Source: Brian Holdsworth via YouTube
Our ancestors understood that men and women have distinct qualities so they tried to define roles and conventions that were best suited to the strengths of each.
So, it might be true to say that traditional gender roles are societal conventions, but what’s being left out of that is that they are conventions that are an attempt, admittedly imperfect, to reflect objective, biological, and maybe even, spiritual, realities.
So how well suited those roles fit that reality is something that we should be routinely improving so that they better reflect what is true. But instead, what we’ve done is identified one side of that equation, specifically men’s, as being far more desirable then the role of women in society and that if women want to be equal, they should simply expect all the same privileges and responsibilities of men.
It’s a strange idea that the only way to truly respect and honor women is to expect them to be more like men. That seems like your just honoring men and masculinity to me.
I think it’s a really juvenile thing to say that two distinct things, or people, in this case, cannot be equal unless they are the same in every way. I think a better solution would be to recognize and celebrate the qualities that make women distinct from men.
So let’s bring this back to the conversation around the Catholic priesthood. The first thing I’d say is that I think this conversation has fallen prey to many of the same things I described earlier. Because the Catholic Priesthood is something that has always been exclusively performed by men, we’ve surrendered to this idea that it’s a desirable and glamorous role that women should be allowed to do as well.
All the while, we’re forgetting that it is a role of tremendous sacrifice.
Not surprisingly, the factions campaigning for women priests are also campaigning for the abolition of celibacy because they want all the honor and not the sacrifice.
When Pope Francis was asked about this, he responded by saying that this was symptomatic of a kind of clericalism and I think he’s right. It’s a clericalism that puts priests on a pedestal and then creates an unhealthy appetite for wanting to be on that pedestal yourself… and for the wrong reasons.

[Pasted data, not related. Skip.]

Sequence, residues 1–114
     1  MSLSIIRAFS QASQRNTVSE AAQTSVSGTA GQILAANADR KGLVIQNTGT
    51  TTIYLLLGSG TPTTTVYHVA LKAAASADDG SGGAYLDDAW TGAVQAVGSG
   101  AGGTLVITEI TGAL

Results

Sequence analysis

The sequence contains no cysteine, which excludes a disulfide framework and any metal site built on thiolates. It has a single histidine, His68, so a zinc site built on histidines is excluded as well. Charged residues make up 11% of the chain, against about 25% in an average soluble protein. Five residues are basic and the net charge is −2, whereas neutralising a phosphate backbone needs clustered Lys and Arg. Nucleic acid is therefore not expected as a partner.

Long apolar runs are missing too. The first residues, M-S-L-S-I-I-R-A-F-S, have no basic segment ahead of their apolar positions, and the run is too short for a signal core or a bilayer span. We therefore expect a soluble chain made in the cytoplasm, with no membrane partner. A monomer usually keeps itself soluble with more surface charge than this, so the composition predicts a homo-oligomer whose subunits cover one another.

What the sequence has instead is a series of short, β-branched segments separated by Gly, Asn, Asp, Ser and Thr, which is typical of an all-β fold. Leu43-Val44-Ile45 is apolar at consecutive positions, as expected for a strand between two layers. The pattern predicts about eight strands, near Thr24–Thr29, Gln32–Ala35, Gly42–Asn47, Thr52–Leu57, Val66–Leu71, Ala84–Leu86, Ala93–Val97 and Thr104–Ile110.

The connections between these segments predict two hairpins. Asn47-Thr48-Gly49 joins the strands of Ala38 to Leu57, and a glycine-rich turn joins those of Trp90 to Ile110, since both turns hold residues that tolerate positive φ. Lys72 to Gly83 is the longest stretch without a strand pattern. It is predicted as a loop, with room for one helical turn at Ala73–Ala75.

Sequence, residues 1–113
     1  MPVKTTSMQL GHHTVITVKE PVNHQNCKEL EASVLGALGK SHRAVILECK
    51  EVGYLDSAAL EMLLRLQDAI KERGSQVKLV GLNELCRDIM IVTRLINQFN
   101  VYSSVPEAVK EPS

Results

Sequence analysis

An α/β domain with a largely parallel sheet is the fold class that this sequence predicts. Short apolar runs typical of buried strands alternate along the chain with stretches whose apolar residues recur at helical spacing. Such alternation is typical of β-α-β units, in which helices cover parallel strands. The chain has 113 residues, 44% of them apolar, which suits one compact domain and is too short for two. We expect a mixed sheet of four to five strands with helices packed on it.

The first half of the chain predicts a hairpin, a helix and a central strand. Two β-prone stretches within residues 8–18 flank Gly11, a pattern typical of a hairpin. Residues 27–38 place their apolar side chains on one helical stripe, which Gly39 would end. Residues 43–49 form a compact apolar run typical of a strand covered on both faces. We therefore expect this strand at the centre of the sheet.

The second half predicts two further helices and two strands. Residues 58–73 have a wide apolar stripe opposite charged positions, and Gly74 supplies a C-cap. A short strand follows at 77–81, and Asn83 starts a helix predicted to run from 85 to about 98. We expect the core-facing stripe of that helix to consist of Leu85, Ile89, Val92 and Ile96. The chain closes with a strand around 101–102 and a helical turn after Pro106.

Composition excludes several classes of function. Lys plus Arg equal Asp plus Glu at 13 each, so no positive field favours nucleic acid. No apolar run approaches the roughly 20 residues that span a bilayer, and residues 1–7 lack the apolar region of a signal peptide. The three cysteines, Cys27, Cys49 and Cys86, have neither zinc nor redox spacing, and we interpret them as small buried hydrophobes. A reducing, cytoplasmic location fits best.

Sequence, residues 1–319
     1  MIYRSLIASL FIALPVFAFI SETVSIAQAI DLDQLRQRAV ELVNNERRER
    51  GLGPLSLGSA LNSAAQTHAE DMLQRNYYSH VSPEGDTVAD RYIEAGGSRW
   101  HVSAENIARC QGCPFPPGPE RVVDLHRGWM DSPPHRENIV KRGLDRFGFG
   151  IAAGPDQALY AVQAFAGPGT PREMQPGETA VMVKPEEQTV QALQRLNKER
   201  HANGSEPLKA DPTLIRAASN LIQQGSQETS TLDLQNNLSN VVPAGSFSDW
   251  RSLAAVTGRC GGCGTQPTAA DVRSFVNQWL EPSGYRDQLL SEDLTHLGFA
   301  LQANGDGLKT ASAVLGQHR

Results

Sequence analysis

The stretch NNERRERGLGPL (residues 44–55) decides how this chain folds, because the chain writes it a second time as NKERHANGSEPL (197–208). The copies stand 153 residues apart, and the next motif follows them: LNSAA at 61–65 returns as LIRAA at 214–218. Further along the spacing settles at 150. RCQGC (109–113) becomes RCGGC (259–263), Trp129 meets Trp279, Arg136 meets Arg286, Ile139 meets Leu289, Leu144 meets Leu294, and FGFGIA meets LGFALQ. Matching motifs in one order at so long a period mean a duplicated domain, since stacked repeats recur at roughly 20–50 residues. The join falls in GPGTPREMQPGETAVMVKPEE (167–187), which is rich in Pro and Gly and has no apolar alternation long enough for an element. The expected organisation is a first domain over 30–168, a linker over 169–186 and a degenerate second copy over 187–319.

There’s also the question of what God or Christ wants for his Church. Jesus, in establishing his Church chose 12 men, exclusively, to be apostles. That doesn’t mean that women didn’t have spiritual roles but it did mean that, whatever it meant to be an apostle, was a role for men.
But the factions who want the Church to ordain women do have their rationalizations for why Jesus did what he did.
They say that Jesus chose men because he was succumbing to societal conventions. There’s nothing about the character of Jesus that suggests he would be motivated by fear of upsetting the customs and traditions of men. He routinely affiliated with outcasts, lepers, and he relentlessly criticized the religious elders of his day. So much so that they eventually conspired to have him executed.
The second problem with that line of reasoning is that it includes the belief that restricting certain roles to men is sexist and sexism is wrong.
If that’s how you define sexism and if, according to that definition, it’s a moral wrong, then you, necessarily have to admit that it’s a sin and Jesus committed it.
And if Jesus committed a sin, then he could not have been God incarnate, God who is goodness itself, and if Jesus wasn’t God incarnate, then there’s no point in having a Church or priests… or any of it.
Lastly I want to address the point that we keep hearing that if women can’t be priests, then we need to make sure that we give them more prominence and influence in the Church – and by that, we mean that they should be sitting on more theological commissions, or governance boards, or committees, etc.
If there are women who want to have those roles and are qualified and ready, then great.
But when we talk about the Church, as in women need more influence in the Church, what do we mean by, the Church? Well, the Church means God’s people. So, influence over the Church is synonymous with influence over God’s people.
Well, the thing I’d say to that, is that traditionally, women already had the MOST influential role in the Church. Nothing is more influential than motherhood. To have the most exclusive access to children at their most critical stages of development is more influence than you can ask for. There are no theological papers, encyclicals, or magisterial exhortations that compare to the mentoring of a child by their mother.
Header image: Brian Holdsworth via YouTube